DTN Early Word Livestock Comments

Traders to Exercise Caution

Robin Schmahl
By  Robin Schmahl , DTN Contributing Analyst

Cattle: Steady Futures: Mixed Live Equiv: $245.65 -1.07*

Hogs: Steady Futures: Higher Lean Equiv: $139.35 +1.10**

* based on formula estimating live cattle equivalent of gross packer revenue.

(The Live Cattle Equiv. Index has been updated to depict recent changes in live cattle weights and grading percentages.)

** based on formula estimating lean hog equivalent of gross packer revenue


Feeder cattle may remain under pressure Monday due to higher grain prices overnight. Live cattle might begin the day mixed with some anticipation of higher cash for the week. Packers may hold back early, waiting to see how anxious feedlots might be to move cattle due to higher feed prices. However, with packing plants up and running, packers may need to be slightly more aggressive with cattle purchases this week. Traders will be cautious early until they see how cash bids will unfold. However, that is not expected Monday as showlists will be posted with no business expected to be done. Boxed beef prices declined Friday with choice down $1.57 and select down $1.43. One has to wonder if the run higher for boxed beef has come to an end, but one day does not necessarily mean a change in the market trend.

Hog futures closed higher for the week with all contracts posting new highs with the exception of August. Demand is robust with packers making up for the disruption in the market early last week with strong slaughter numbers. There is little to be bearish about in this market at the present time. Domestic demand remains strong. Export demand is good. Cutouts were higher again on Friday with a gain of $1.11. Cash was higher on Friday with the National Direct report showing a gain of $0.95. Packers did purchase quite a few hogs last week, which may make them a bit less aggressive to begin the week.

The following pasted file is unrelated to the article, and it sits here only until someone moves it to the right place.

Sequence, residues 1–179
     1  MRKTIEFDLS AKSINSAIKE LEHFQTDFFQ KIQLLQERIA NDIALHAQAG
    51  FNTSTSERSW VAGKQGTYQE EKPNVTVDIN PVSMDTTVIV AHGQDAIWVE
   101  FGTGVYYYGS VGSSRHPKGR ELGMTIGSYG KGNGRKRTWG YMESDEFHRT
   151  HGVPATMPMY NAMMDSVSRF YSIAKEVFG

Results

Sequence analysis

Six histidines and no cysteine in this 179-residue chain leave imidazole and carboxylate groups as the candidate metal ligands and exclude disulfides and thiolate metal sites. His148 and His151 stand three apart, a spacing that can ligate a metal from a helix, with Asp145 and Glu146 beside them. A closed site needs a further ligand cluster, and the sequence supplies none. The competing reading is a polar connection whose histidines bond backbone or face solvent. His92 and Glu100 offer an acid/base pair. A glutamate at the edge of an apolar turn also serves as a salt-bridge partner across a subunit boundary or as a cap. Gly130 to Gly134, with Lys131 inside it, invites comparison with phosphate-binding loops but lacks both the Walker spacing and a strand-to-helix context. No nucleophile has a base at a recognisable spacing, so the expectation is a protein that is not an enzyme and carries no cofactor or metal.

1) The disruption of JBS plants is history with plants making a large effort to catch up on processing. This may mean more aggressive buying this week. 1) There is concern there could be some backlog in the market, which will need to be cleaned up. Even though the JBS disruption was short-lived, packers may not be aggressive to begin the week.

June continues to hold a discount to cash. With cash so far no worse than steady the past few weeks, futures may need to increase to get in line.

2) Higher grain prices may increase the desire of feedlots to move cattle early rather than hold out for higher prices.
3) New contract highs in hog futures again on Friday keeps the trend solidly higher. Traders want to own hogs. 3) The July hog contract still has a price gap at $116.85 that may be filled at some point.
4) Packers were aggressive in purchasing hogs early last week, and that did change the rest of the week as demand for pork remains strong. 4) Hog futures are becoming overbought technically again, which could trigger selling if some negative news were to be released.


For our next livestock update, please visit our Midday Livestock comments between 11 a.m. and noon CDT. Also, stay tuned to our Quick Takes throughout the day for periodic updates on the futures markets.

Robin Schmahl can be reached at rschmahl@agdairy.com

Robin Schmahl